Anyway onto the summary. I have started a few new batches of wine, 2 made with dandelion, 1 with rhubarb and then a week or two later I made another batch with rhubarb. The dandelion wines are slightly different from one another as I have used red grape juice in one and white grape juice in the other. The recipe is here in the comments section of a previous post. I will write it up eventually and add it to the recipe page (eventually being the operative word). The batches of rhubarb wine are both the same recipe, the only difference is the size of the batch, the first is only 1 gallon but the second batch is 5 gallons! Keeping on the theme of wine I have also bottled 2 gallons of elderberry wine and started drinking it. I'm sure it'll taste better when it has aged more but at the moment it is drinkable and the further down the bottle I got the easier it was to drink although I had a headache at the end!

The land my Dad recently acquired is coming on nicely with more than a little help from my brother in law Lee, although in truth my Dad has done more work than should be expected of a 65 year old! He is a Yorkshire man though so a bit of hard graft doesn't scare him. I have mucked in as much as I've been able to, but due to there being no toilet down there I had a long period where I didn't dare go down there! Between us we have moved loads of clay and exposed the workable land beneath, then covered it in manure in preparation for next year. There is still loads to do down there and now the weather has improved it has got a bit overgrown in a lot of areas but we are working on it a bit at a time and large areas are covered with old carpets for the time being to keep the weeds down. All the trees that were moved down there are coming along nicely but won't produce much fruit this year. This is of little concern, the main thing is that they have plenty of leaves and are putting out new growth. With any luck next year will be a bumper crop!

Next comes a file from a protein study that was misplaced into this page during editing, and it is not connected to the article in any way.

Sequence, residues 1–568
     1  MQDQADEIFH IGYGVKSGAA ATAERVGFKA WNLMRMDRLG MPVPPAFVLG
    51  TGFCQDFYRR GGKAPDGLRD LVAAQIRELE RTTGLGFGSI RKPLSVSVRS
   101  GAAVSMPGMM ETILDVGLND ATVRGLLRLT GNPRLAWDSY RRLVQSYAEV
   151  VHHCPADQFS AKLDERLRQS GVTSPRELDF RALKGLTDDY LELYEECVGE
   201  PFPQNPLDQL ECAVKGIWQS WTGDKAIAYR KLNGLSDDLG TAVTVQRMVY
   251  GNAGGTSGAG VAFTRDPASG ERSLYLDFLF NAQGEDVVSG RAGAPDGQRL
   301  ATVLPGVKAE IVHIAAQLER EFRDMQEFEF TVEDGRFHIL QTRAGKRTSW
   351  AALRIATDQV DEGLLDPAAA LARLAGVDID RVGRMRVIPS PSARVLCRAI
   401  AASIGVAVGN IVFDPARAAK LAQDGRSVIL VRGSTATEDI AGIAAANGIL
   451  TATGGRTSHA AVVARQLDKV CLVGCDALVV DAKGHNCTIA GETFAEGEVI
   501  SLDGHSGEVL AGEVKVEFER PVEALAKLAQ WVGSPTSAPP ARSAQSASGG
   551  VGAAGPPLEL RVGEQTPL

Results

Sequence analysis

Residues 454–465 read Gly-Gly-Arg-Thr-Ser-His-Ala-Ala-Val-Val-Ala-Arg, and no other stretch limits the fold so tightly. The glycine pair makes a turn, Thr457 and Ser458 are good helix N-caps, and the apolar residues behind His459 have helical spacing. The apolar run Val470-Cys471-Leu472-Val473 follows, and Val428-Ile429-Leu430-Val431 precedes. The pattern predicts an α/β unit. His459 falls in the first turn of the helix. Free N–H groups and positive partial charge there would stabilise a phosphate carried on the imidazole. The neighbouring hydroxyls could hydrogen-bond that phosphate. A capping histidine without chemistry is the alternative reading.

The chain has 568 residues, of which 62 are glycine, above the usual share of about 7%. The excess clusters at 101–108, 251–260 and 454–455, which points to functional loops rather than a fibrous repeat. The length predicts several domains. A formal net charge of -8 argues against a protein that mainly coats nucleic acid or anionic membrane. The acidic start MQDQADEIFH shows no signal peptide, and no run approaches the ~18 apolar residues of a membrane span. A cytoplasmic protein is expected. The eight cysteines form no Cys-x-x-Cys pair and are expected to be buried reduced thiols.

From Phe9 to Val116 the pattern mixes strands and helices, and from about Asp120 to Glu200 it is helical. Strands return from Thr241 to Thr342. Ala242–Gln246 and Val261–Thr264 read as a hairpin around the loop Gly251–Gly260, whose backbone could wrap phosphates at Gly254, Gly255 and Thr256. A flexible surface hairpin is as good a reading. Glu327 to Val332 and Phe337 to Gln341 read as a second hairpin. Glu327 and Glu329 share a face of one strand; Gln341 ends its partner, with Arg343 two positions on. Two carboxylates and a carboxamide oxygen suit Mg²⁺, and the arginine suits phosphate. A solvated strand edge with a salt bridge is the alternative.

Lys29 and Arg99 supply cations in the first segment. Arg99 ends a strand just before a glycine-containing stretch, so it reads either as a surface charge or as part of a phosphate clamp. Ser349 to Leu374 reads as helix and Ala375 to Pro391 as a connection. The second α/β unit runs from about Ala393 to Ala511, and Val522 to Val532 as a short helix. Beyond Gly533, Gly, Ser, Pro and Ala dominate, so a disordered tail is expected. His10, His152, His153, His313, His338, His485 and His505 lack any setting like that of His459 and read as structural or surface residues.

I never got round to writing up about the last Wakefield and Pontefract Beekeepers Association meeting and now can't remember enough to do it justice. The main subject was on the Warre hive which is a form of top bar hive that involves making tall stack of boxes. One of the big differences with the style of Beekeeping is that rather than adding boxes to the top for the Bees to store honey in you add boxes underneath and the Bees move their brood rearing area down and start storing honey above; this has the advantage that it means the brood is always built on new comb. I may do a more detailed blog about the Warre hive at some point but as my knowledge on the subject is limited I may wait until I know more.

To finish off I will just mention one small last thing....... I have bought a new colony of Bees!!!! Ok, so it is more than a small thing, rather large to be honest and as this post has reached a fair length I will write a separate post for the new Bees!